Vaginal dryness can affect women of any age, but most typically occurs during and after menopause. Although vaginal dryness is generally a benign condition, it can negatively affect your quality of life. The application of vitamin E to the vagina may help to restore lubrication. While women’s health experts and clinical studies acknowledge the safety and efficacy of vitamin E for vaginal dryness, always consult your physician before pursuing home therapies.
Vaginal dryness describes a condition in which you experience a significant decrease in vaginal lubrication due to medications, lifestyle or hormonal factors. Vaginal dryness can cause itching, swelling and discomfort, and is associated with pain during penetrative intercourse and increased frequency of urination. Although vaginal dryness can indicate a lack of sexual arousal, the condition can also impede your ability to become sexually stimulated.
Hormonal changes during menopause and pregnancy are the most common causes of vaginal dryness. The hormone estrogen helps to keep the walls of your vagina elastic and lubricated. During menopause, as estrogen levels decline, the vaginal walls grow thin and lose a substantial amount of their natural moisture, a process known as vaginal atrophy. Childbirth and breastfeeding also affect estrogen levels and might temporarily reduce lubrication and make the vaginal walls more fragile. Additionally, cigarette smoking directly causes estrogen levels to fall and can contribute to vaginal dryness.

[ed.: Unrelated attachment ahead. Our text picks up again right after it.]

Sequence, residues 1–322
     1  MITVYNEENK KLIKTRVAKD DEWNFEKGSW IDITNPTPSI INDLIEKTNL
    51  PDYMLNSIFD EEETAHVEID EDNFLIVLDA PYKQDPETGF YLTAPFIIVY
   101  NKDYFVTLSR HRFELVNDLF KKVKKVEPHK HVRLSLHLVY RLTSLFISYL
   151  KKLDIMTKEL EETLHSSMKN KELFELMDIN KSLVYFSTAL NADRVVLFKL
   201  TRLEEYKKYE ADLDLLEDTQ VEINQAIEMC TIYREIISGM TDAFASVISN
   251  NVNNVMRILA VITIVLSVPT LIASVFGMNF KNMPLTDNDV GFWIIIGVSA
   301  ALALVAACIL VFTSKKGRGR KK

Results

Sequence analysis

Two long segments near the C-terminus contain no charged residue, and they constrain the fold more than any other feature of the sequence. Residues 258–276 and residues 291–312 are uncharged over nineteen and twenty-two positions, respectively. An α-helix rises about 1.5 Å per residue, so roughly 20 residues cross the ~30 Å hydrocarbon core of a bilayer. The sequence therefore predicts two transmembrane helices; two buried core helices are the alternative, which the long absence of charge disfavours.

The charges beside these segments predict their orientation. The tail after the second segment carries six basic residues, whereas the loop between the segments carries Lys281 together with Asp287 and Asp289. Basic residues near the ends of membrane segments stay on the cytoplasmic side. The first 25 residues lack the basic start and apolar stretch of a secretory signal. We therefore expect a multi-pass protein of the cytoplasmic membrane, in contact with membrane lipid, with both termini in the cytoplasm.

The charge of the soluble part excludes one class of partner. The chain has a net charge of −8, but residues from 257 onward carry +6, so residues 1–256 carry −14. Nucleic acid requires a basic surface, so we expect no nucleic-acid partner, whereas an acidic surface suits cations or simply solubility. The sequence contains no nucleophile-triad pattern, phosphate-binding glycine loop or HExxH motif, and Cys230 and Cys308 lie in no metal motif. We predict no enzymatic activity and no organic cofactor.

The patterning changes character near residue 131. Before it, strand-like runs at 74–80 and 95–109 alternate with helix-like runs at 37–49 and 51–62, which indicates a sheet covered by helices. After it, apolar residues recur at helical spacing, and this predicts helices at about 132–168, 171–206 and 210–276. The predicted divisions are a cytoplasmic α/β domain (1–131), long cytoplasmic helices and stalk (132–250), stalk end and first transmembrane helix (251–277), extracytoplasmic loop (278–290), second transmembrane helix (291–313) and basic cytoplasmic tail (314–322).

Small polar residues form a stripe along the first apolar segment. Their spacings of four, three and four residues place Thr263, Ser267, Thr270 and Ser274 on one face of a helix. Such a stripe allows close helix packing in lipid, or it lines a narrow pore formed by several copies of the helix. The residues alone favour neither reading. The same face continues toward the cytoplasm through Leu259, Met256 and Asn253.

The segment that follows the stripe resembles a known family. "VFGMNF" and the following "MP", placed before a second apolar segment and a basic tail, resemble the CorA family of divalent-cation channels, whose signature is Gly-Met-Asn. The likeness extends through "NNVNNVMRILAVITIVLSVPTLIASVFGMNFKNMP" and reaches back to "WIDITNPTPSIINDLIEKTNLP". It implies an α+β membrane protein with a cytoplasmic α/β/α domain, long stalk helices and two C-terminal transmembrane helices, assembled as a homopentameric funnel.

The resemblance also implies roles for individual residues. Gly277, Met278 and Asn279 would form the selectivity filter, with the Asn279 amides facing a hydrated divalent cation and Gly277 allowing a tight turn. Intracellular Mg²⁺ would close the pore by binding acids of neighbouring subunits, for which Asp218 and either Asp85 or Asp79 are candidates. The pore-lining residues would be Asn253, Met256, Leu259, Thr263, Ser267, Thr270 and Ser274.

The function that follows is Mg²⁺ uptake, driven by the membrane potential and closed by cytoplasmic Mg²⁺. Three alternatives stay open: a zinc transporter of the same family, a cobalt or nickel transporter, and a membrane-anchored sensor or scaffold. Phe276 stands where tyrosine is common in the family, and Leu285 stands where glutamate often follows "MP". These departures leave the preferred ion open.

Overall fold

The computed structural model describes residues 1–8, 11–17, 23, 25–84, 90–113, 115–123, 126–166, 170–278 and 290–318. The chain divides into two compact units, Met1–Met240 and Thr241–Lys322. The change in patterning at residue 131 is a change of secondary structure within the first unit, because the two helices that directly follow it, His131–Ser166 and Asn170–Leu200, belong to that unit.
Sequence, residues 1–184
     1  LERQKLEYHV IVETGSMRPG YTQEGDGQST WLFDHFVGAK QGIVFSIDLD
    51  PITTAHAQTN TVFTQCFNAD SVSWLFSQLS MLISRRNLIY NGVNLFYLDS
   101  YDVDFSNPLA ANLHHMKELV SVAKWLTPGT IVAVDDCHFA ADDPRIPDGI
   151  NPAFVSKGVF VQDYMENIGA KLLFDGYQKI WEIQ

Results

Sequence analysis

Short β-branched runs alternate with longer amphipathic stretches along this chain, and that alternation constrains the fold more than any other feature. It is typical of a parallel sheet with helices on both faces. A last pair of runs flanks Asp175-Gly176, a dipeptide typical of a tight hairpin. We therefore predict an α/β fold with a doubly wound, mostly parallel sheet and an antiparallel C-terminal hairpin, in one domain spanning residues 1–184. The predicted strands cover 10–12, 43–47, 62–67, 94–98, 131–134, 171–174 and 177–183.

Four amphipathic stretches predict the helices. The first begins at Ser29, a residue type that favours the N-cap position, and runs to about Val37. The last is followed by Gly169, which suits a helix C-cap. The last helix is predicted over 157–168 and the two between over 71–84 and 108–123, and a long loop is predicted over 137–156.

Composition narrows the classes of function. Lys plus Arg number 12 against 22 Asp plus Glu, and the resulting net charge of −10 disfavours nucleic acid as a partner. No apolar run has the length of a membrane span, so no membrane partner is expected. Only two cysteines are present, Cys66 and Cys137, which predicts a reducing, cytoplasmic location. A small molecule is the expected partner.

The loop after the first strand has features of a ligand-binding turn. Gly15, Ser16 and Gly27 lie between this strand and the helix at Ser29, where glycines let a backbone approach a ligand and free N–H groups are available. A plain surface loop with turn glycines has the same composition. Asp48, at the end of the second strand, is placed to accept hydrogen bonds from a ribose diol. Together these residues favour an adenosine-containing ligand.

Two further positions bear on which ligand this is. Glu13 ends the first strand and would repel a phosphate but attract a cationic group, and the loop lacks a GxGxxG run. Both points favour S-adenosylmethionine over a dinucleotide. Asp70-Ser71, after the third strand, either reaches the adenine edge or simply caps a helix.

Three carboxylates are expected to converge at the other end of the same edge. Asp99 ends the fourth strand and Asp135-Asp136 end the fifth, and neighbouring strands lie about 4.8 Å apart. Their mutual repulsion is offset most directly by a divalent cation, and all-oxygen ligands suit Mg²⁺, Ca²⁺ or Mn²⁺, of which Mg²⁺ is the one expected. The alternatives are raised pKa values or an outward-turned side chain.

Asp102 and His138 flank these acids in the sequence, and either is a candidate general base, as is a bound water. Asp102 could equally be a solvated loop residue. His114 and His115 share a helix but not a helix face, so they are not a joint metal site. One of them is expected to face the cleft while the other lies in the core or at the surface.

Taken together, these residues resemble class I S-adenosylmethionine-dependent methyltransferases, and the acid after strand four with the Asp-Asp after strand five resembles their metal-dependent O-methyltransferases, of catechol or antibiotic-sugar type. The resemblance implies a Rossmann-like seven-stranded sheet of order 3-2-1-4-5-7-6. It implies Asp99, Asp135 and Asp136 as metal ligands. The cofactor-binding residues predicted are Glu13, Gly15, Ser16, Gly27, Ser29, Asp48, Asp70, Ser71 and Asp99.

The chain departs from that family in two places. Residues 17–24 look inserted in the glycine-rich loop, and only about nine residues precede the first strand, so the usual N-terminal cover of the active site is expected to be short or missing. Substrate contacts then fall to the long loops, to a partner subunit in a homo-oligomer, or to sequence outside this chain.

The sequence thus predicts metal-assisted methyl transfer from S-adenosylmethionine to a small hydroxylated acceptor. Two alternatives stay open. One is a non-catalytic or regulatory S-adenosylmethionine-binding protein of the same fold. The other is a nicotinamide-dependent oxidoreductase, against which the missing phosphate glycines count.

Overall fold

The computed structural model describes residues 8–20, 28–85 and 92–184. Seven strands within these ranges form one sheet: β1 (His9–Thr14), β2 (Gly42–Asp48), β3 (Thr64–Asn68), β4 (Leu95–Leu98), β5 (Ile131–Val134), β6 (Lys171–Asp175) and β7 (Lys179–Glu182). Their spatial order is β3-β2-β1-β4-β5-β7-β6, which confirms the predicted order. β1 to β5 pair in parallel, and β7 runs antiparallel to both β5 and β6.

Vitamin E for Vaginal Dryness
The strong moisturizing properties of vitamin E might help to relieve symptoms of vaginal dryness. A fat-soluble antioxidant, vitamin E helps to protect your body from environmental free radicals and maintain the immune system. Vitamin E is a common component of commercial moisturizers because of its effectiveness in helping to repair damaged skin cells and in promoting skin cell moisture.
The Dr. Susan Love Research Foundation suggests applying the oil from vitamin E supplements to the inside of your vagina for one to two weeks to relieve dryness. A November 2008 article in the “European Review of Medical and Pharmacological Sciences” considered the efficacy of vaginal suppositories in managing vaginal atrophy. The authors assessed the effects of intravaginal vitamin E, in addition to other suppositories, as compared to local estrogen replacement therapy. The results of their study demonstrated that natural suppositories of vitamin E produced no adverse side effects, significantly improved symptoms of vaginal atrophy and increased vaginal moisture.
Most women experience vaginal dryness at some point. The experts at the Dr. Susan Love Research Foundation estimate that 20 percent of menopausal and post-menopausal women experience vaginal atrophy. While vitamin E might help to increase vaginal lubrication, severe cases of vaginal dryness might respond better to other forms of therapy. If you experience persistent vaginal dryness, talk to your doctor to discuss ways of managing your symptoms.